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Parts movement located finally for my column and cornice clock!

captainclock

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Hello everyone, with all of the problems I was having with my 1858 Seth Thomas Column and Cornice Clock I decided to see if I could find a parts movement to get parts off of to get my clock running again, and so I looked through ebay listings and sure enough I found one that was of the old Lyre Style movement that was an 8-Day weight driven movement like mine, but probably about 10-15 years newer than mine is because it says Thomaston on it rather than Plymouth, and the plates are secured with screws rather than taper pins like mine is. my question is, when did Seth Thomas start labelling their brass weight driven lyre movements "Thomaston" and when did they start using screws to secure the plates rather than taper pins?
I would like to know just as a way to figure out how to date some of these old weight driven movements.

See the picture below to see what the movement looks like.

Seth Thomas Parts Movement.jpg
 
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James Gardner

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In 1866, the town Plymouth Hollow, CT was renamed Thomason, CT, so your movement dates after 1866. Spittier's Watchmakers and Clockmaker's book also mentions Thomason, after 1866. There may be Seth Thomas collectors on this message board who might be able to narrow it down further.
 

captainclock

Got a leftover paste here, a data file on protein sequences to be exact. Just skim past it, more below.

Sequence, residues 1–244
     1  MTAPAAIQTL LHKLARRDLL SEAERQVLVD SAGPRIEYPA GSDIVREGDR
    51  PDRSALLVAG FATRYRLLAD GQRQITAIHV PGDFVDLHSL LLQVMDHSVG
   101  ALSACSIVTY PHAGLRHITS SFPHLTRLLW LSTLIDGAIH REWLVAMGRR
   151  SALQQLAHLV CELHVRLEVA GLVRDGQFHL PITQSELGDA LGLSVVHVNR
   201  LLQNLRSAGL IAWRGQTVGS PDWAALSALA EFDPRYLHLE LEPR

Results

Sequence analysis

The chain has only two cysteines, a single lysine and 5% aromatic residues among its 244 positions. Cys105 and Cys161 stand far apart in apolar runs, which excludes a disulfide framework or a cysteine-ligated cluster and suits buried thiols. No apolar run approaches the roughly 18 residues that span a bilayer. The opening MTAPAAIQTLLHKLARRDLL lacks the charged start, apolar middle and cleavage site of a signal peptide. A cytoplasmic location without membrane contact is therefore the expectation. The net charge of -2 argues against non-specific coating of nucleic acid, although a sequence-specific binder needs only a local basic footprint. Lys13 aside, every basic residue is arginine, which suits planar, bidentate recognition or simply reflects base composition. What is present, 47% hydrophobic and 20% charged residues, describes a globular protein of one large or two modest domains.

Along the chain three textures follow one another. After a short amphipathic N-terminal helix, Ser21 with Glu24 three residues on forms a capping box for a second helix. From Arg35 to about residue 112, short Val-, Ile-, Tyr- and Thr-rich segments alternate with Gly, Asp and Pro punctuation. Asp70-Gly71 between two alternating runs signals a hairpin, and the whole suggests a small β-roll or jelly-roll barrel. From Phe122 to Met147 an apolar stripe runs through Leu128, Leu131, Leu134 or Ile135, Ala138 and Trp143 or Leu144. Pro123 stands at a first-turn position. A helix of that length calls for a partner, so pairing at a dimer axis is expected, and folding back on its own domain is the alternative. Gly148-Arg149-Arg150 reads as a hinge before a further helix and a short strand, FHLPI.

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OK, I was thinking maybe there would of been a specific year or so when they switched over from using taper pins to fasten the movement plates together to using screws to hold the plates together, but I wasn't sure.
 

captainclock

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Ok, so I got the parts movement in the mail on Tuesday and I finally got my clock running and striking as it should.

But it took me a while to get the replacement count wheel arm bent into the right position so that it would work with my movement, and then get the strike train timing correct (it kept wanting to either overstrike or continuously strike) but now its working as it should.
 

captainclock

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OK, so this is kind of a little update on my clock, I've got the clock running and striking as its supposed to, but for some reason I can't get the clock to keep accurate time. No matter how high I raise the pendulum bob the clock keeps wanting to lose 20-25 minutes within a several hours time and the weird part is that it starts losing the time right away (it starts losing 2 minutes within a half hour and 5 minutes within an hour and 15 minutes within 90 minutes and so on and so forth, and I can't figure out why the clock would suddenly start losing so much time within such a short period of time.

The only things I changed out between my clock's original movement and the parts movement was the count wheel counting lever, and the escape wheel (the escape wheel that was on my clock originally was in really bad shape with some mishapened teeth and what not) everything else is the same including the same pendulum bob that I had on the clock previously before my strike mechanism started acting up and the clock then ran fine and kept perfect time (it didn't lose any time or not much anyways.)

Any ideas as to what might be going on here?
 

shutterbug